In a previous post we looked at the history of the General Post Office in Sheffield city centre. From humble beginnings on High Street, via Angel Street, Market Place, and Haymarket, the central post office ended up in Fitzalan Square.
However, the building now occupied by Sheffield Hallam University, was a long time coming.
In the first years of the twentieth century the Post Office acknowledged that facilities at the top of Haymarket had become too small.
By 1897, red-brick offices in Flat Street had opened and by 1900 all that remained at Haymarket was public counter work and the telegraphic department.
In fact, the Post Office had been buying up land around its Flat Street offices. By 1903, it had a triangular piece of land of one acre stretching from Fitzalan Square to Pond Hill.
The Post Office submitted plans to Sheffield Corporation for a building fronting Fitzalan Square, but the councillors were less than impressed. In 1907 it sent a delegation to see Lord Granard, who represented the Post Office in the House of Lords, to ask for a better building, including a finer elevation, than the one proposed.
Newspapers had been full of stories about a new post office and the people of Sheffield had started to think that the building might never get built.
However, the visit to London appeared to work and later that year plans were released by the Post Office for a new building in Fitzalan Square adjoining the existing Flat Street offices.
Work started in 1908, coinciding with Fitzalan Square improvement works, and an immense crane, 70ft high and with a jib 95ft long, dominated the skyline.
It was designed by Walter Pott, an architect who had started work with HM Office of Works in 1896 working in the London and Leeds offices.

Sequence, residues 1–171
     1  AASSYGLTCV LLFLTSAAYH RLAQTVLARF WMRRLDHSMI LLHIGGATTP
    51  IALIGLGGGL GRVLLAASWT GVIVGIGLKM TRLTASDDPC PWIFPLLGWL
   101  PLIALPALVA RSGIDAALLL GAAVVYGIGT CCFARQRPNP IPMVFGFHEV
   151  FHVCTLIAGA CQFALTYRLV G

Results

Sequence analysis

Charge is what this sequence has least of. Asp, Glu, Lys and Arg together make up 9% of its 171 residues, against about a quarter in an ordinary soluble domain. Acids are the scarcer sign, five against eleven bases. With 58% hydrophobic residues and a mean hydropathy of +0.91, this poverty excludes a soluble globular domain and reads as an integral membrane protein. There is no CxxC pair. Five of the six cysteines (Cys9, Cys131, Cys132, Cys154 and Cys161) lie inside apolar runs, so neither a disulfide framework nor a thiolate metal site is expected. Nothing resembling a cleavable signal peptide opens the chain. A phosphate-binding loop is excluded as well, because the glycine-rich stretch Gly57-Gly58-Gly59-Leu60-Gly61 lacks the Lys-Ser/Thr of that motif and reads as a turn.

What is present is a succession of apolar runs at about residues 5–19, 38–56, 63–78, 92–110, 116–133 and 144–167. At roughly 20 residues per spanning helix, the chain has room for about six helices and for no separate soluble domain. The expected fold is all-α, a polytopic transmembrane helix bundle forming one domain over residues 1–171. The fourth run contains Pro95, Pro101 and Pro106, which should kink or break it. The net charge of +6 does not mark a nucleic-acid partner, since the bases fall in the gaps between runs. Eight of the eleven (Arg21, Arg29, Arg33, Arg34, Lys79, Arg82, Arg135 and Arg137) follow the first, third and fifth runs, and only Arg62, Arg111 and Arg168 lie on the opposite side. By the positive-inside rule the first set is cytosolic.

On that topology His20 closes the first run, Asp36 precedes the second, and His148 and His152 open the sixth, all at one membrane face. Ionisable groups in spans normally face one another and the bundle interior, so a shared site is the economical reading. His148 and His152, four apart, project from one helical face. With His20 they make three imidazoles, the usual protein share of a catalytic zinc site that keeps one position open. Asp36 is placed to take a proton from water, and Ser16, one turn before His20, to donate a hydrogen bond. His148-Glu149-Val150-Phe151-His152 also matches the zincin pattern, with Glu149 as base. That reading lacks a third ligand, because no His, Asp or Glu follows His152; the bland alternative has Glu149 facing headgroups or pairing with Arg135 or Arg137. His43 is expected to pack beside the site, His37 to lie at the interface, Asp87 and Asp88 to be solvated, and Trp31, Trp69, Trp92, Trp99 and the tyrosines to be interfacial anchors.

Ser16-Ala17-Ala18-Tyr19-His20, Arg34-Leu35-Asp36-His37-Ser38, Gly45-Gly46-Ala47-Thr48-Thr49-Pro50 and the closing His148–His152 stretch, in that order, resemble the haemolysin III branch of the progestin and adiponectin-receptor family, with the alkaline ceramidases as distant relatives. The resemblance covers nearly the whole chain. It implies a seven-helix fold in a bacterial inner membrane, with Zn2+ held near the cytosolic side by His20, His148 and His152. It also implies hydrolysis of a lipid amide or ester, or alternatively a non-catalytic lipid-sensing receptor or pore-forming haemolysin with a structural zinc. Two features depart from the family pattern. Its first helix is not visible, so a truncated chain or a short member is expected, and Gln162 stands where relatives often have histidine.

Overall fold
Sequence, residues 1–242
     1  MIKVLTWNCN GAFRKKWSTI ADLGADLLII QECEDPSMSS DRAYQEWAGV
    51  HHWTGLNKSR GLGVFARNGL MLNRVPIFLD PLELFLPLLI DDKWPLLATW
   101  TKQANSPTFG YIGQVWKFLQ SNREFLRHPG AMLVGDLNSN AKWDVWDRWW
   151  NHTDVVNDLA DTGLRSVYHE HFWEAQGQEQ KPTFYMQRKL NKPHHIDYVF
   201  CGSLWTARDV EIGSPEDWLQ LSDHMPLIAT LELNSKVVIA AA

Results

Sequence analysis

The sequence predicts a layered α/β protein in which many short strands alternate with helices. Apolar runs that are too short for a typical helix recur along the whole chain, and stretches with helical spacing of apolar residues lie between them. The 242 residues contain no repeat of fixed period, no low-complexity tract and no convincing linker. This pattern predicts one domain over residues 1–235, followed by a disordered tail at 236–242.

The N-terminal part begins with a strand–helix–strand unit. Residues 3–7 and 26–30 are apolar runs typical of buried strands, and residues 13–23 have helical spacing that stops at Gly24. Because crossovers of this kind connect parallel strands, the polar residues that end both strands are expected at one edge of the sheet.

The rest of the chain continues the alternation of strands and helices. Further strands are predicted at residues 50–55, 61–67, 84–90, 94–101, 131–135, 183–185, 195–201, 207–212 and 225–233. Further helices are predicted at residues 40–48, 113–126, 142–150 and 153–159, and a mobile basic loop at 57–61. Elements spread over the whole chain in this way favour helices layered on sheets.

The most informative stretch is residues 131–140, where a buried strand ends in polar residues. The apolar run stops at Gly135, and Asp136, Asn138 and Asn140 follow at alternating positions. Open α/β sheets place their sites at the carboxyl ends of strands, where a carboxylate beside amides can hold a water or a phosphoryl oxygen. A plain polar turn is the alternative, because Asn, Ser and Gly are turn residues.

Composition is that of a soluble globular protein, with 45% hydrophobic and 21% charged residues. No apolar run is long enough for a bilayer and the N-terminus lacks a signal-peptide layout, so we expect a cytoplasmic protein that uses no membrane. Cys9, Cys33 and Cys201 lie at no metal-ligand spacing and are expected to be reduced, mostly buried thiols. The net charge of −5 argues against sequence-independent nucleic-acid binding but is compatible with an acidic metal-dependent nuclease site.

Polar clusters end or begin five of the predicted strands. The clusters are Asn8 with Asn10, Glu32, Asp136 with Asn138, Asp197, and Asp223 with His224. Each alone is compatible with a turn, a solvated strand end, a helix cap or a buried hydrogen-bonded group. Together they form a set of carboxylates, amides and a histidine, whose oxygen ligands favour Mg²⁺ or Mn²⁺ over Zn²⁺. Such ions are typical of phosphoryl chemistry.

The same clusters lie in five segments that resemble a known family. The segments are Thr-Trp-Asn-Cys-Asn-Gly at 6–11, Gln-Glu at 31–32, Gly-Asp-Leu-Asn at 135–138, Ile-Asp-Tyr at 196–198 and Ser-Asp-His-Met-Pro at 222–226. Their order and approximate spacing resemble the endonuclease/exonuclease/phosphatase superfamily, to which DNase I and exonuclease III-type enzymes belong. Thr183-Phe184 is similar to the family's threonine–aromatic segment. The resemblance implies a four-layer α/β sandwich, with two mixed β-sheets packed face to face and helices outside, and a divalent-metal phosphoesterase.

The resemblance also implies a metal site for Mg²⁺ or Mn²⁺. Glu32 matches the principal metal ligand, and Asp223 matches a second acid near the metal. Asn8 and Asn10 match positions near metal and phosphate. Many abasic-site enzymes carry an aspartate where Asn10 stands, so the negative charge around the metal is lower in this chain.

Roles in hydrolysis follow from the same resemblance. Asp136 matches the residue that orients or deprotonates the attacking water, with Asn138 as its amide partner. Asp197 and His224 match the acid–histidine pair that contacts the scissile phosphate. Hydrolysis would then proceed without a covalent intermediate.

The design was a modern adaptation of the Renaissance and allowed an additional storey over the wing in Flat Street.
The principal front in Fitzalan Square was three storeys high, with a central portion having columns the full height of the two lower floors, these finished with carved Ionic caps and heavily moulded cornice and balustrade, which continued around the other fronts.
The front of Flat Street was treated in a similar manner but without the columns, and the corner with Fitzalan Square was rounded to accommodate a main staircase leading to the upper floors and finished with a dome.
The two principal entrances were in the wings of this portion, giving access to the public office, inquiry office, and Postmaster’s office. The upper parts of these were finished with heavy pediments.
Post boxes were at the base of the corner, with a large bracket clock (paid for by the council) above.
The main post room, for the sale of stamps and postal orders, was 64ft long and 45ft wide, lit with windows back and front, and lined to a height of 8ft with marble, with a mosaic floor. Adjoining was a public telephone office with ‘silence boxes’ to allow messages to be sent without interference or risk of transactions being overheard.
The Postmaster, the Chief Clerk and writing staff, as well as the sectional engineer, were accommodated on the first floor immediately over the public office and front entrances, and on the floor above was the telephone switch-room and message-room. The basement was used for batteries and engineers’ equipment.
The Flat Street wing was set apart on the lower floors for retiring rooms for staff, for the messengers’ delivery room, and for storerooms. The first floor was entirely occupied by an instrument room.
The lower part of the site was in Little Pond Street, a much-needed extension to the existing sorting office, and for the provision of yards for loading and unloading mail and the storage of handcarts.
The new post office was designed throughout to meet modern sanitary requirements as regards light and ventilation, and the walls and passages occupied by staff were faced with glazed bricks. Four boilers, 146 radiators, and 1½ miles of heating pipe was installed by the Brightside Foundry and Engineering Co.
The building had been built on a hillside, and the result was that the greater portion was down below street level, and what people saw from Fitzalan Square was only the top.
Although history books give a date of 1910 for the building, it came into use without fuss during the summer of 1909. “The staff simply left their posts in one building and walked over to the incomparably better equipped accommodation across the Square.”
It remained in operation until 1999 and remained empty for several years, a ‘building at risk’, until rescued by Sheffield Hallam University which opened it as the Institute of Arts in 2016.
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